The California Court of Appeal has yet again ruled against employers in an arbitration rights case. This time, the issue was whether employers can use arbitration agreements to limit so-called class- or collective-action claims. The apparent answer is “no.”
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HR Law 101: Despite all the risks, providing other employers with references about your former employees is a good business practice. If you refused to provide references, eventually you would compromise your ability to find out about applicants you’re considering hiring ...
HR Law 101: Currently, 23 states have legalized the use of medical marijuana. Whether employers in those states must accommodate legal medical marijuana use depends on how courts interpret state law.
If your organization has a blanket policy that prohibits workers from using the organization’s email for personal matters, it’s time to revise it. The National Labor Relations Board ruled that employees have the right to use their employer’s email system (during off-duty time) to engage in legally protected communications, including discussing wages and even organizing a union.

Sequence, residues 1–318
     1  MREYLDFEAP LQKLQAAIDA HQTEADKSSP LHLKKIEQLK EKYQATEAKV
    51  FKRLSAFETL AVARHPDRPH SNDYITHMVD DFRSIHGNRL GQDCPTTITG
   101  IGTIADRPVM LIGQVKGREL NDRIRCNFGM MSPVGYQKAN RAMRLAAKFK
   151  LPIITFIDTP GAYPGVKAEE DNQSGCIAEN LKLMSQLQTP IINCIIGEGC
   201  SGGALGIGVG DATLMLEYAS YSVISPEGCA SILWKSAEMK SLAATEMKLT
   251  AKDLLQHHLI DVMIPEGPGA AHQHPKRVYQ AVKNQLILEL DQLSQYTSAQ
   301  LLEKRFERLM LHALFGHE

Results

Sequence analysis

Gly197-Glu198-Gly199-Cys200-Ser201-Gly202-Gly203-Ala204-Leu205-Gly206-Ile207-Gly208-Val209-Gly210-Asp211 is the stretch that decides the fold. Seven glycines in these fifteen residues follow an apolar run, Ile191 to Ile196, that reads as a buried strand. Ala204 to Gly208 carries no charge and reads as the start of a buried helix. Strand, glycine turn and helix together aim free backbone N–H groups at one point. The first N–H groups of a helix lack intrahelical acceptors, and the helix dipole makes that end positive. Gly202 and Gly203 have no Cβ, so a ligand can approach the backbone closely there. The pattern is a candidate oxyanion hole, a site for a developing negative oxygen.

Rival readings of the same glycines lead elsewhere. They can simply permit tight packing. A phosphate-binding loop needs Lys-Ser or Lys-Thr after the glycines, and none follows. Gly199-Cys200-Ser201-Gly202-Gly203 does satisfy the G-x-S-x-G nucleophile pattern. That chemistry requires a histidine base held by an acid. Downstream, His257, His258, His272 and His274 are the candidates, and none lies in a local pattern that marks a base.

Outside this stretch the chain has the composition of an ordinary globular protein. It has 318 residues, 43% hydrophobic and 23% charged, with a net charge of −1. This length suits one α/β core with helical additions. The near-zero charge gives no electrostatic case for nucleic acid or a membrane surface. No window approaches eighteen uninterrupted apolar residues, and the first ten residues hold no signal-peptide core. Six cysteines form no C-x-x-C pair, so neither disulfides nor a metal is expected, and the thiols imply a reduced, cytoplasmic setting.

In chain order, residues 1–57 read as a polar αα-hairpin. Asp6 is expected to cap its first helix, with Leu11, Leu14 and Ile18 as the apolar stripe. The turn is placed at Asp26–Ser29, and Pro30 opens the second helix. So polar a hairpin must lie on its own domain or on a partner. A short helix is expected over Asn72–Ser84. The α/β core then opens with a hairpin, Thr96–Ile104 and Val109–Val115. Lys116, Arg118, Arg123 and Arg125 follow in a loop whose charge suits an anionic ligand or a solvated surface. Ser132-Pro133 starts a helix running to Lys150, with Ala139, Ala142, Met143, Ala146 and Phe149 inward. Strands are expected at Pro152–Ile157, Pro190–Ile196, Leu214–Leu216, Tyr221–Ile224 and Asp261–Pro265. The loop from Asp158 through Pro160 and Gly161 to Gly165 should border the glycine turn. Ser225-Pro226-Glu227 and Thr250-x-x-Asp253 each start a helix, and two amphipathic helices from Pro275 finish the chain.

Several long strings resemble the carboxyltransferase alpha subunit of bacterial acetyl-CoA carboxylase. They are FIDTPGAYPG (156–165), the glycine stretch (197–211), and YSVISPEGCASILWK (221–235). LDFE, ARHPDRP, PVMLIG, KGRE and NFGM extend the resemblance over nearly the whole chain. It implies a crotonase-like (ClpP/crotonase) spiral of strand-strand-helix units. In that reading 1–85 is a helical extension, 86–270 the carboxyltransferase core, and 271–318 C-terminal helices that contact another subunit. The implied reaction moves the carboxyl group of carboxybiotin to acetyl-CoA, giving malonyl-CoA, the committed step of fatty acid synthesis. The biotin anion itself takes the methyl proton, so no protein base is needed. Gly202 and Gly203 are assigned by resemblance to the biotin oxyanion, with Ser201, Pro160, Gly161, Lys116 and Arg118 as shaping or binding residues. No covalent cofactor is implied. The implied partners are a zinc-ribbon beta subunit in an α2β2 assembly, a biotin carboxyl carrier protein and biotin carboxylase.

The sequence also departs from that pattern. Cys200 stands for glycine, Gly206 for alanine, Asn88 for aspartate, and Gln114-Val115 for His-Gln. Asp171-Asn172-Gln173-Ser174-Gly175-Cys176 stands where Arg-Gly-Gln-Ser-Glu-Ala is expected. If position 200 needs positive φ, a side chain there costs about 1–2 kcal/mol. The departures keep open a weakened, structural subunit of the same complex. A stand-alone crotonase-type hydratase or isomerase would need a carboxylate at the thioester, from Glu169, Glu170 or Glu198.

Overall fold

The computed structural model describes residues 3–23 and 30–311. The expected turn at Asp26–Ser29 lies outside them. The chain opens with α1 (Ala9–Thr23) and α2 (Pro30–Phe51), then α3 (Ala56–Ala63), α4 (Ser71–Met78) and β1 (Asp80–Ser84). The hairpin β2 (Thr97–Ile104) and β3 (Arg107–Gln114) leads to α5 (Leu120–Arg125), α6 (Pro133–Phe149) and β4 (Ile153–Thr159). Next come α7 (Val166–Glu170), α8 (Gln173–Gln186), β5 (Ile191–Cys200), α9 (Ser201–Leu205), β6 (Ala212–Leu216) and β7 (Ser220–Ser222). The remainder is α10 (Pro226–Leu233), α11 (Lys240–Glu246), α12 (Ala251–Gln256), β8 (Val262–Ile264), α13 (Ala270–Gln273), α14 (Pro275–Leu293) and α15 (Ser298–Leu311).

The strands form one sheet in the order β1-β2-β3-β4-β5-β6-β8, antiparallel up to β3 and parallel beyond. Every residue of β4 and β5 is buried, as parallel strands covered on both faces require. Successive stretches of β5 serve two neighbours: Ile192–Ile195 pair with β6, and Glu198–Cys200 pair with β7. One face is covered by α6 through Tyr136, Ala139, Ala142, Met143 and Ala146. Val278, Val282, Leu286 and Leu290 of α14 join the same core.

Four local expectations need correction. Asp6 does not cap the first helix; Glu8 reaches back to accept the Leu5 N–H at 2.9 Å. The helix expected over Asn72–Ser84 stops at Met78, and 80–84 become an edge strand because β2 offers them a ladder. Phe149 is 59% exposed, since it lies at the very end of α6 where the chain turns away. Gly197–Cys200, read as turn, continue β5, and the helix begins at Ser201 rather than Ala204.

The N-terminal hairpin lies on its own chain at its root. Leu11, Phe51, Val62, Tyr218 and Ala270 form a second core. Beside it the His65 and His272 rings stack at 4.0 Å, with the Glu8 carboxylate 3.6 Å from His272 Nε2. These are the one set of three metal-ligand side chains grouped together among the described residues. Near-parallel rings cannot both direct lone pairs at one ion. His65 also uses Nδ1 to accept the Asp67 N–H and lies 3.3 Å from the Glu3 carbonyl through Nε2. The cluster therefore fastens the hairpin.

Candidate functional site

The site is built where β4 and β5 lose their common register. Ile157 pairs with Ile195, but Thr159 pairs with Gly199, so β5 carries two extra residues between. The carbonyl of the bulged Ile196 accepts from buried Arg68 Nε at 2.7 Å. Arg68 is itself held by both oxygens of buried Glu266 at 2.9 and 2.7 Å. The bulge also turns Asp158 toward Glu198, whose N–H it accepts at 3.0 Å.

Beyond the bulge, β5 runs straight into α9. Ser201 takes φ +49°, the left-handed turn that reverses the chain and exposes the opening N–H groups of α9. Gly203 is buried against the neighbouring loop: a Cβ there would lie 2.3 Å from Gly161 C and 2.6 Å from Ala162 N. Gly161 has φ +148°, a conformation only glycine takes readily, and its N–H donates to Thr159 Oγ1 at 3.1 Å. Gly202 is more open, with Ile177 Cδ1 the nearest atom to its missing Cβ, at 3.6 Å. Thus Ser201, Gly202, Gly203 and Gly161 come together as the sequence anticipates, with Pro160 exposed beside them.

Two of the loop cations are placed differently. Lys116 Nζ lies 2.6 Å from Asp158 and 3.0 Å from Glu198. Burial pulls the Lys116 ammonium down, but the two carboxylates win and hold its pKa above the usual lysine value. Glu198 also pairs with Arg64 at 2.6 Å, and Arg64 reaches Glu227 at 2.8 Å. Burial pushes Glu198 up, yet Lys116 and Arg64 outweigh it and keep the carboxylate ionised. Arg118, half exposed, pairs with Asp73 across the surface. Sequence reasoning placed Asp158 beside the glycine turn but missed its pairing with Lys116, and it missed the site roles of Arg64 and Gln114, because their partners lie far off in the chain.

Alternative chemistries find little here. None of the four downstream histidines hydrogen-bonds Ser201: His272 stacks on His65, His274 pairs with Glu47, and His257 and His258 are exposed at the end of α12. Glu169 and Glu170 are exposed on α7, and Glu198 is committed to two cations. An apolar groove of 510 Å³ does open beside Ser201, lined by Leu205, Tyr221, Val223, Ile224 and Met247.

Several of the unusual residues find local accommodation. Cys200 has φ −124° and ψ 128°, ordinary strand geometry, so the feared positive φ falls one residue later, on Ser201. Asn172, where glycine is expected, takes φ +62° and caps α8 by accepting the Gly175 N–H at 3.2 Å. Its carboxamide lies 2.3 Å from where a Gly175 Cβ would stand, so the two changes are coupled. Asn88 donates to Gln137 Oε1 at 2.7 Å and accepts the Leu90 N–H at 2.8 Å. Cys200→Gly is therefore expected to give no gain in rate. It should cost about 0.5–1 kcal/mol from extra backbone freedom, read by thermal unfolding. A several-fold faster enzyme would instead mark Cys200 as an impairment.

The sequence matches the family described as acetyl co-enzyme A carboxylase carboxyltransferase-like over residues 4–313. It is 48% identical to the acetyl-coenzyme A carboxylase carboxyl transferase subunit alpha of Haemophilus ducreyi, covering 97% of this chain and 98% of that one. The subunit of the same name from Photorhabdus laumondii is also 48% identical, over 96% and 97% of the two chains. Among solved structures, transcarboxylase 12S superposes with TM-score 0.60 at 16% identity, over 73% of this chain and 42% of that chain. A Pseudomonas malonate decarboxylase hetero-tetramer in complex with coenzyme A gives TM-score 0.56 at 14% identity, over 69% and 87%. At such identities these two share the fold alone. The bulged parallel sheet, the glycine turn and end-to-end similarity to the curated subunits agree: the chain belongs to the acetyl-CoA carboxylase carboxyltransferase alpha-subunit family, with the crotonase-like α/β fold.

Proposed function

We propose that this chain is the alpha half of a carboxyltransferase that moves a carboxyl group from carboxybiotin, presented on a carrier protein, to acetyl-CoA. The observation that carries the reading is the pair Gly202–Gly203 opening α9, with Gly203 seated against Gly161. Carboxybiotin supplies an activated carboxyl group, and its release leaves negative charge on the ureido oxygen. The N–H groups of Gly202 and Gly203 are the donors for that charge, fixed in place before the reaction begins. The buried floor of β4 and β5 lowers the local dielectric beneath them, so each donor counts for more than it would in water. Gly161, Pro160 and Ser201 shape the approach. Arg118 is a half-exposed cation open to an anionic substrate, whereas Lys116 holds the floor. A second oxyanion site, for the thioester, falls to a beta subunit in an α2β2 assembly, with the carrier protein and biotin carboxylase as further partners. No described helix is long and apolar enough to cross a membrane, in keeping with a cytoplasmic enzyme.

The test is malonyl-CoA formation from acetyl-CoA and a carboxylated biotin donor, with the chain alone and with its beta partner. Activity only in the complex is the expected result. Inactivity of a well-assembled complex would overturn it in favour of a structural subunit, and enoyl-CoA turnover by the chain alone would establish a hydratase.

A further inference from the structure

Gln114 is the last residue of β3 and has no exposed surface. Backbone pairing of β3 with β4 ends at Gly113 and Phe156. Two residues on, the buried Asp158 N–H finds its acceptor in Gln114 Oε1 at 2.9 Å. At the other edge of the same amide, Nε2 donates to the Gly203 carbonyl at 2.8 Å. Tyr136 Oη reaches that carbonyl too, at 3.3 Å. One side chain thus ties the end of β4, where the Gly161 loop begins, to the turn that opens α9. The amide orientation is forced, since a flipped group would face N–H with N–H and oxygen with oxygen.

Do you sometimes require employees to use their personal cars during the workday for job-related tasks like going on appointments, making banking runs or other errands? You’re risking liability if the employee is in an accident and a jury decides he was negligent.
HR Law 101: The Occupational Safety and Health Act (OSHA) requires all employers to provide a safe and healthy workplace for their employees. Enacted in 1970, the law also mandates specific guidelines for certain industries and protects workers who file whistle-blower complaints about hazardous conditions in their companies ...
HR Law 101: Many organizations use independent contractors as a way to sidestep payroll taxes, expensive fringe benefits and red tape. But if the IRS concludes that those workers are really employees, the employer could be liable for back taxes, penalties and interest charges ...